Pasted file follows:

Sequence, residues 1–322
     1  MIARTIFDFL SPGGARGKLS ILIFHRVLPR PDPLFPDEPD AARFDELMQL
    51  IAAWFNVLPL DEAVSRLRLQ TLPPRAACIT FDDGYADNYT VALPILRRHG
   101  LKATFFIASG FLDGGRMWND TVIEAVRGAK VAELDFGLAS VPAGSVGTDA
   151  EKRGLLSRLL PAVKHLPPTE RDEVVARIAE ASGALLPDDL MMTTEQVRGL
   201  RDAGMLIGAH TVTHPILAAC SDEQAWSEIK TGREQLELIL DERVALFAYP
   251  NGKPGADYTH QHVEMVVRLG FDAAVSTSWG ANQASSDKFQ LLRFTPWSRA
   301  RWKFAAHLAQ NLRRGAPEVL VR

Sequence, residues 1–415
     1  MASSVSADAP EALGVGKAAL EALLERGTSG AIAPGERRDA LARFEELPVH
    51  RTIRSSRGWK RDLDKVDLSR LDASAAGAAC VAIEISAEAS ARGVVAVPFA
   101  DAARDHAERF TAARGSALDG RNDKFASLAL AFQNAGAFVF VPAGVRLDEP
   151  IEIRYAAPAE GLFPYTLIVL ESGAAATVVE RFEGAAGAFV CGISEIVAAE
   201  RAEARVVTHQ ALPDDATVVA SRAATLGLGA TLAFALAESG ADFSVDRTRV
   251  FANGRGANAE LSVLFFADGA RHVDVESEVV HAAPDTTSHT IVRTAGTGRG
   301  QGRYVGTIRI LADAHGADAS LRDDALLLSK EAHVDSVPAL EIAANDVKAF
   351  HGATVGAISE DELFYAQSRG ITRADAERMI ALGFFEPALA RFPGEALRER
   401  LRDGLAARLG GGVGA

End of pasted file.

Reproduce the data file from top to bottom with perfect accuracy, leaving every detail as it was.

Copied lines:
Sequence, residues 1–322
     1  MIARTIFDFL SPGGARGKLS ILIFHRVLPR PDPLFPDEPD AARFDELMQL
    51  IAAWFNVLPL DEAVSRLRLQ TLPPRAACIT FDDGYADNYT VALPILRRHG
   101  LKATFFIASG FLDGGRMWND TVIEAVRGAK VAELDFGLAS VPAGSVGTDA
   151  EKRGLLSRLL PAVKHLPPTE RDEVVARIAE ASGALLPDDL MMTTEQVRGL
   201  RDAGMLIGAH TVTHPILAAC SDEQAWSEIK TGREQLELIL DERVALFAYP
   251  NGKPGADYTH QHVEMVVRLG FDAAVSTSWG ANQASSDKFQ LLRFTPWSRA
   301  RWKFAAHLAQ NLRRGAPEVL VR

Sequence, residues 1–415
     1  MASSVSADAP EALGVGKAAL EALLERGTSG AIAPGERRDA LARFEELPVH
    51  RTIRSSRGWK RDLDKVDLSR LDASAAGAAC VAIEISAEAS ARGVVAVPFA
   101  DAARDHAERF TAARGSALDG RNDKFASLAL AFQNAGAFVF VPAGVRLDEP
   151  IEIRYAAPAE GLFPYTLIVL ESGAAATVVE RFEGAAGAFV CGISEIVAAE
   201  RAEARVVTHQ ALPDDATVVA SRAATLGLGA TLAFALAESG ADFSVDRTRV
   251  FANGRGANAE LSVLFFADGA RHVDVESEVV HAAPDTTSHT IVRTAGTGRG
   301  QGRYVGTIRI LADAHGADAS LRDDALLLSK EAHVDSVPAL EIAANDVKAF
   351  HGATVGAISE DELFYAQSRG ITRADAERMI ALGFFEPALA RFPGEALRER
   401  LRDGLAARLG GGVGA